Section 4 – The Regent’s Park

Closed 20 Mar 2016

Opened 8 Feb 2016

Overview

We want to make cycling and walking around the Outer Circle a more pleasant experience, and improve the safety and tranquillity of the park. To do this we have come up with a range of proposals which aim to reduce the volume and speed of traffic in the park. If these proposals are implemented, they will be subject to monitoring and review.

There are a range of proposals for The Regent’s Park, which are explained below:

  • Reducing through-traffic by restricting access for motor vehicles
  • Introducing raised junctions on the Outer Circle
  • Managing vehicle speeds on the Outer Circle
  • Improvements for pedestrians on the Outer Circle


The detailed proposals for each junction or gate including drawings of the proposed scheme at each junction (listed below) can be found here

  • North Gate (Macclesfield Bridge)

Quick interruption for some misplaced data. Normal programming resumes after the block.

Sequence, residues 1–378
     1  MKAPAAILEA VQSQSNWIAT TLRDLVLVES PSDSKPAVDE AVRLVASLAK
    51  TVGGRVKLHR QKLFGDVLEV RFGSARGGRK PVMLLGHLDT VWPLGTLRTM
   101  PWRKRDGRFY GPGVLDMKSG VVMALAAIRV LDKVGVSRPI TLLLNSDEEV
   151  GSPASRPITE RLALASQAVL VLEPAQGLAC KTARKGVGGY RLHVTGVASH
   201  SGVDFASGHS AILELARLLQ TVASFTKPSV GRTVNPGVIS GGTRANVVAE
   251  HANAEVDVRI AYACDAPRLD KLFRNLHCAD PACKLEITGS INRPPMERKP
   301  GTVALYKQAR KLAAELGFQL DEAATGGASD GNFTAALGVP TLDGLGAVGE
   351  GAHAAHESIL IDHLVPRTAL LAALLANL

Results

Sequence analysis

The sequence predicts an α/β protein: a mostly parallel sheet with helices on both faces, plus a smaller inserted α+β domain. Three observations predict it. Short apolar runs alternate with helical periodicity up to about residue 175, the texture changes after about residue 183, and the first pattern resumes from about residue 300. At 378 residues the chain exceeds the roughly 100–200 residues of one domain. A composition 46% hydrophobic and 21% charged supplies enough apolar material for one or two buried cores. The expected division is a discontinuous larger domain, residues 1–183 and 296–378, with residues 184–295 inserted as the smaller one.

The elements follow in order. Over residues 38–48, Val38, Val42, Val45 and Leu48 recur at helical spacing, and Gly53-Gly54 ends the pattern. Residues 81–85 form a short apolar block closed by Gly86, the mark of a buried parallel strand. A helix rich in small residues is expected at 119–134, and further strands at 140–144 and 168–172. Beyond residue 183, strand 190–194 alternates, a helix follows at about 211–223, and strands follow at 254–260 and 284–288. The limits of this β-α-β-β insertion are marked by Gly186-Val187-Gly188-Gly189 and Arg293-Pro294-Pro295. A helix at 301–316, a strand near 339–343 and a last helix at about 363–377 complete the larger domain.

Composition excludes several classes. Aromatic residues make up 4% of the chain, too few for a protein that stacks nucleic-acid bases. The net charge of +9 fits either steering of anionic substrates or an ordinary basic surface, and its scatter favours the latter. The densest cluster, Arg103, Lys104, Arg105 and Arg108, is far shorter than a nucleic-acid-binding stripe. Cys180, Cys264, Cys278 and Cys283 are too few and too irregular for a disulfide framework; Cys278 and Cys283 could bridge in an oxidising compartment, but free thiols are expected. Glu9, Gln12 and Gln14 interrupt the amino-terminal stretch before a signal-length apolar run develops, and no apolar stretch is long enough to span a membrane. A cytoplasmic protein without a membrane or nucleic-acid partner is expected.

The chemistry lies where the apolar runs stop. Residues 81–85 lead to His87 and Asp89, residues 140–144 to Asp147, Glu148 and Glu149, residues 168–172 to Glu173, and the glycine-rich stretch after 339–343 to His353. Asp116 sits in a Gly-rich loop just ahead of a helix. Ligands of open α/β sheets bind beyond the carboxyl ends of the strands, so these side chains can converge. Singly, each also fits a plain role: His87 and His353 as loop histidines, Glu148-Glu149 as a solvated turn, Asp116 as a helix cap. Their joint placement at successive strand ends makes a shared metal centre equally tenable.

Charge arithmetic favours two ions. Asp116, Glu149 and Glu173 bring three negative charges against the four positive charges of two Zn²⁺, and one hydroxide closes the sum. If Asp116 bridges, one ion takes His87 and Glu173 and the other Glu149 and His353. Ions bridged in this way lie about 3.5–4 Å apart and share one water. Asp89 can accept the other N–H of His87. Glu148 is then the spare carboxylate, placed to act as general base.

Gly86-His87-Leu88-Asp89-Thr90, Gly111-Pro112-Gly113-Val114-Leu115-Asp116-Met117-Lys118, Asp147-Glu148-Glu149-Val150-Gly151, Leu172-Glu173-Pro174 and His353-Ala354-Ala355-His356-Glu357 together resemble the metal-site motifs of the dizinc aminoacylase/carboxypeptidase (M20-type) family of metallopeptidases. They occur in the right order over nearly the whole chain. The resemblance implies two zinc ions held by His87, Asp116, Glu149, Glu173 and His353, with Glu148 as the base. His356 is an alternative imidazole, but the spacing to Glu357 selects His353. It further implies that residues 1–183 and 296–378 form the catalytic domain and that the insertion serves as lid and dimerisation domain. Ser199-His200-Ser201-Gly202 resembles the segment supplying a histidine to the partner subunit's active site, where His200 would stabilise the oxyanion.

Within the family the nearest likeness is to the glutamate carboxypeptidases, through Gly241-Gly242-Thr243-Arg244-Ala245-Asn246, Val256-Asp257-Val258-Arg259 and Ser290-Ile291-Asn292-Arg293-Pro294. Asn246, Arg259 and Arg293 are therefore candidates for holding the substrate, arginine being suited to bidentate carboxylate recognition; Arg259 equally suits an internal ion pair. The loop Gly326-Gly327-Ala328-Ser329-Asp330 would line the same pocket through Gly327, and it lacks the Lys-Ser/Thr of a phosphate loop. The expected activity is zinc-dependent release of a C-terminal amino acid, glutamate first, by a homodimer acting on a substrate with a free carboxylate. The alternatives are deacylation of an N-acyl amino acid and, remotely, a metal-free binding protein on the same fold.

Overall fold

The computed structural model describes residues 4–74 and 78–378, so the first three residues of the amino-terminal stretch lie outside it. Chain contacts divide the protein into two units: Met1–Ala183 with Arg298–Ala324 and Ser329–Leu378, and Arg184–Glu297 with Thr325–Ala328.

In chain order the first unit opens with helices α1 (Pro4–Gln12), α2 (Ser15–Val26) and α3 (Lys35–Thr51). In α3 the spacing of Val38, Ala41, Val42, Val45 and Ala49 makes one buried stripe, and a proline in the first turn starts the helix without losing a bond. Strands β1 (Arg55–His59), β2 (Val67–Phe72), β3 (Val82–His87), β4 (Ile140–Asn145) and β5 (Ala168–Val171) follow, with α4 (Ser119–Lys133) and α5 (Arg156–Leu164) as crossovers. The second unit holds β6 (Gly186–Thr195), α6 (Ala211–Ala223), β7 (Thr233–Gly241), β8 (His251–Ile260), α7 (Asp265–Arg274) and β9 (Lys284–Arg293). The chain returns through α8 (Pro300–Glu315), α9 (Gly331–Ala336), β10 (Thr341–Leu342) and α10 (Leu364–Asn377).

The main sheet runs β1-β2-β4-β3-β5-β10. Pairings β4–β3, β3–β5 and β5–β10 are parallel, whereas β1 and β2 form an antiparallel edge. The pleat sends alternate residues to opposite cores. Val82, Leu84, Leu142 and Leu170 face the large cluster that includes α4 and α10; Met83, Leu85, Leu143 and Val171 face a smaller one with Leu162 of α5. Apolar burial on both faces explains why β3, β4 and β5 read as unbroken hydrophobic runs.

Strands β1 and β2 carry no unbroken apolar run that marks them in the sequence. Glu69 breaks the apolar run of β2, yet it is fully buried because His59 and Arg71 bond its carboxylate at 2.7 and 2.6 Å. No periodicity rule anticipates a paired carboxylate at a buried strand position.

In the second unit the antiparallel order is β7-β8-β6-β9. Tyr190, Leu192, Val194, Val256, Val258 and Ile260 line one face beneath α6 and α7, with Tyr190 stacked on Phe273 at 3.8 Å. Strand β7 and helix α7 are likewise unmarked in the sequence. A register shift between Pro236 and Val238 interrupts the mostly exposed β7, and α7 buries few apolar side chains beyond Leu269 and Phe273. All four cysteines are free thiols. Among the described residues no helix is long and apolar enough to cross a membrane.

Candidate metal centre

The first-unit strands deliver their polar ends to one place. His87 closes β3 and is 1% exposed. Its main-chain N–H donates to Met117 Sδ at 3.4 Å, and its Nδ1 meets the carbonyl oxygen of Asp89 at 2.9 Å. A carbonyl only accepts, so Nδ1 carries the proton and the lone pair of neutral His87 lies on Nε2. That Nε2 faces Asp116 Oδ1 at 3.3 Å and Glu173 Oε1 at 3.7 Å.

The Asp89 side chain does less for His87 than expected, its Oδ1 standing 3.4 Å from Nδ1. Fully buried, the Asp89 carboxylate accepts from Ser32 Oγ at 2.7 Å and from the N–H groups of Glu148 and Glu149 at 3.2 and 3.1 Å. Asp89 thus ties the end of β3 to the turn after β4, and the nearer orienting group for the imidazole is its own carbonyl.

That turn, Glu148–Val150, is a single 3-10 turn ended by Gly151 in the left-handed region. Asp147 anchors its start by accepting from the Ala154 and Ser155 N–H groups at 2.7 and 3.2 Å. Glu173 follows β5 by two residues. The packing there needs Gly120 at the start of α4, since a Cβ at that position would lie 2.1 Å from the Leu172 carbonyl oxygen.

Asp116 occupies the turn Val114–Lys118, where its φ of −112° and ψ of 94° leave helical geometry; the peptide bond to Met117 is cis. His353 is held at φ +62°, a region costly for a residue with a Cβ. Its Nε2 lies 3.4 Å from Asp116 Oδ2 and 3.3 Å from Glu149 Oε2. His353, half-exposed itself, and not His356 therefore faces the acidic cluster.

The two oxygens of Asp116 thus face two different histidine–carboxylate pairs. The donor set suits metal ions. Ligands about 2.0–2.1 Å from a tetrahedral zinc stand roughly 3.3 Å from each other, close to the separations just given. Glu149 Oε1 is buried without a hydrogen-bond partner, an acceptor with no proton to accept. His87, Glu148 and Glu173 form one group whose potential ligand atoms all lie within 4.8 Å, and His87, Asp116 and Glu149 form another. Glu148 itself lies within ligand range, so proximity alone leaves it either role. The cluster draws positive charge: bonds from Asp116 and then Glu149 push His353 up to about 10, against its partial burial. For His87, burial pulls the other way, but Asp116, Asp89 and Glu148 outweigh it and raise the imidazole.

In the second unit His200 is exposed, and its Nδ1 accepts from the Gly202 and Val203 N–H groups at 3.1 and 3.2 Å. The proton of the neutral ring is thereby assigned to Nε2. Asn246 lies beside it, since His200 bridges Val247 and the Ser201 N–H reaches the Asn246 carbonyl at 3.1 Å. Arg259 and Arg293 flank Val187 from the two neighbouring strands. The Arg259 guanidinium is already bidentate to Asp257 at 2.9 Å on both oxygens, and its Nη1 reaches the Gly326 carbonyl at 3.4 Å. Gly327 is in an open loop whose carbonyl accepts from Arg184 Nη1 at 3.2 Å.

• New pedestrian crossing point outside the entrance to ZSL London Zoo
  • Gloucester Gate, junction with the Outer Circle
  • St Andrews Place, junction with Park Square East / Outer Circle
  • Park Square East, junction with Marylebone Road
  • Park Square West, junction with the Outer Circle
  • Park Square West, junction with Marylebone Road
  • York Gate
  • Clarence Gate, junction with the Outer Circle
  • Hanover Gate, junction with the Outer Circle
     

 

Click here for a larger version of the above map (PDF)


Reducing through-traffic by restricting access for motor vehicles

Our surveys show that the Outer Circle is being used by many vehicles as a through-route and that much of the traffic on the Outer Circle is passing through rather than visiting the park.

We are considering restricting access for motor vehicles through four of the gates into the park;

  • North Gate (Macclesfield Bridge)
  • Park Square East
  • Park Square West
  • York Gate


Access would be restricted at the busiest times of the day, to make it a less attractive through route. Motor vehicles would be allowed to enter the park between 11am and 3pm.

We believe that restricting access at these gates would significantly lower the volume of traffic in the park, while ensuring that visitors and residents are still able to conveniently access the park through the four other open gates.